Traveller Dili Man Dangol is skeptical of the security situation in Kathmandu and its bus network. He knows that most CCTV installations are broken, that no police patrols the area, and that police testimonies can be bought easily.
Jhamak Prasad Dhakal is a so-called illegal street vendor at Old Bus Park. He hopes to sell all kids of small items to passengers, but also fears the municipal guards and police patrols in the few cases they show up. He has been robbed repeatedly and was forced to pay fines to authorities, yet has no other way of generating income.
The situation is not much different for the younger Senjeev Khatri, who minimizes his exposure by presenting his goods in the morning and evening hours only.
Gongabu Bus Station
Gongabu Bus Station north of Kathmandu city center is the central node for overland travel. Although many cameras are broken, Control Room Chief Narayan Karki believes that their installation helped bring down theft. He explains that bus drivers are often involved in such crime, and that this is caused by their low pay.
Jagdish Yadav, a veteran security expert who worked more than 14 years in the private security industry, is the station’s Security Chief. Together with his 34 or so guards, he is paid to provide security to cross-country travellers, and to look out for the hundreds of buses parked in the back of the station.
Traffic police maintains a small post behind the station and becomes active in case of an accident. Over Dashain – an important religious holiday -, it set up an information booth from which officer Lila Bhattarai assists travellers. The latter often miss connections or arrive late at night, given the country’s poor road conditions and unpredictable traffic situation.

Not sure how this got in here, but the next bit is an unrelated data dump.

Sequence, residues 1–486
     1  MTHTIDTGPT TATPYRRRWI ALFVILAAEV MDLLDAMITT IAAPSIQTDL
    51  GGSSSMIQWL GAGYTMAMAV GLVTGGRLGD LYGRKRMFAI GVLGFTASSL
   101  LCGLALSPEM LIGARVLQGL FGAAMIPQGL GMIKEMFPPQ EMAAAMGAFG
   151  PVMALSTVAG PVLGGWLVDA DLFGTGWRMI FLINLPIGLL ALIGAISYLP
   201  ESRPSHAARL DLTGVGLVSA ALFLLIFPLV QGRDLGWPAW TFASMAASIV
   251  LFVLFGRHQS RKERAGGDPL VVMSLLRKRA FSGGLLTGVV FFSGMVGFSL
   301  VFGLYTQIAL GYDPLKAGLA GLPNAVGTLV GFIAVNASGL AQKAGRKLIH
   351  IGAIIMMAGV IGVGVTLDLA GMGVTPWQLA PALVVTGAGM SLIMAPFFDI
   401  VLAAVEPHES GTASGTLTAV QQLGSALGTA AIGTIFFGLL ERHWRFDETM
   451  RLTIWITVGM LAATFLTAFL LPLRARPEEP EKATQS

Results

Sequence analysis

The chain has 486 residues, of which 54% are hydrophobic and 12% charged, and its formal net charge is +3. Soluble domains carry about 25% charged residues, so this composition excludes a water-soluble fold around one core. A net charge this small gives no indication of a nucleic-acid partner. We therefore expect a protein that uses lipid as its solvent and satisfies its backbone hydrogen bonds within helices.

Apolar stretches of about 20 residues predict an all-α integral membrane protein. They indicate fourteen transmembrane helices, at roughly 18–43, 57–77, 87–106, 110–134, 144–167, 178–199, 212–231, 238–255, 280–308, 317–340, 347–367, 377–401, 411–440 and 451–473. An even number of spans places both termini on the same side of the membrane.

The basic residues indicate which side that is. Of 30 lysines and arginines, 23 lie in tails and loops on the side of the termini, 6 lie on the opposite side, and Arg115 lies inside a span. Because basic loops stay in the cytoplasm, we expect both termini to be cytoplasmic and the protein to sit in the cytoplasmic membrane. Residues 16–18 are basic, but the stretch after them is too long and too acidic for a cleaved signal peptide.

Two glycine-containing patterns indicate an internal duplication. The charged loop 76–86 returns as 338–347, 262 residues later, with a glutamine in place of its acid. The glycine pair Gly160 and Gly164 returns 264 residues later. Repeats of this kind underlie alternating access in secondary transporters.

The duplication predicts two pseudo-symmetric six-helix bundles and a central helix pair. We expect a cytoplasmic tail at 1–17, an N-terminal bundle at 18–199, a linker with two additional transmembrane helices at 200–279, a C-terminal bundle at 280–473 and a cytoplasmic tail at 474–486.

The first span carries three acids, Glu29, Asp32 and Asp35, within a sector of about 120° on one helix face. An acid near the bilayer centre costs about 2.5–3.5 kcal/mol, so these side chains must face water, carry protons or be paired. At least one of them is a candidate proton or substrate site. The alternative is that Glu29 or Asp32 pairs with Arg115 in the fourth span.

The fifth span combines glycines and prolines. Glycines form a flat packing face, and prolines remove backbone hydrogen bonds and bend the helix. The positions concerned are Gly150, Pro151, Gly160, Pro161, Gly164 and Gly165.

Bhanu Bhakta Ghimire drives beyond the Valley. He is semi-happy with the security situation at Kathmandu’s main bus station. Some street boys charge foreigners too much money for carrying bags, he complains, and drug addicts should be turned away more consequently by security guards.
Another driver, Dikpal Guring, is associated with the mini-bus industry and complains about similar problems. Dusty roads impair street vision, traffic jams make travel unpredictable, and potholes, poor drivers and unfit vehicles create an incessant stream of often deadly accidents.
Some meters from the bus platforms, Bahadur Durga owns one the few small restaurants allowed on the premises. Standing in his kitchen, he tells how security improved considerably since private guards began to evict street vendors, and how everything became much cleaner and more hygienic.
With his taxi, Bahadur Dhan Bayalkuti also makes some Rupees around Gongabu. Drugs and alcohol are of concern to him, and he explains how streets deteriorated with the recent widening of city roads, for traffic lights no longer operate, utility poles now stand in the middle of roads, and building pits are open for years.
Tulashi Poudel and her family came to Kathmandu from the countryside. They haven’t experienced many problems themselves, though always travel as a group. Having lived in India for some years in the past, the also express how much safer Nepal is for women – a theme often heard in the Valley.
Gokarna Chowdhary travels home to Bardiya in the Southwest. He feels comfortable on overland bus travel, though also understands that bus stations are go-through spaces where strangers meet. One has to be cautious and not accept food or luggage from others, he says.
In Boudha, a residential neighborhood in the eastern part of town and home of stunning Bodnath Stupa, Dipendra Lama acts as Ward Chief. Only four of the 25 CCTV cameras installed around the religious site operate, he explains, and people are still hesitant to report incidents to the police, which they don’t trust.
Tsering Dorje Lama, a local Boudha politician currently campaigning, doesn’t flag problems on record but is concerned that if the Stupa loses is status as UNESCO World Cultural Heritage Site, his community will lose most of its income.
Business continues as usual in the inner circle, where the Buddhist monasteries and souvenir shops are located. This shop owner here explains how interruptions became rare on the politically sensitive site. Other traders confirm, though also report of Western dropouts upsetting the sacred place when playing music for money.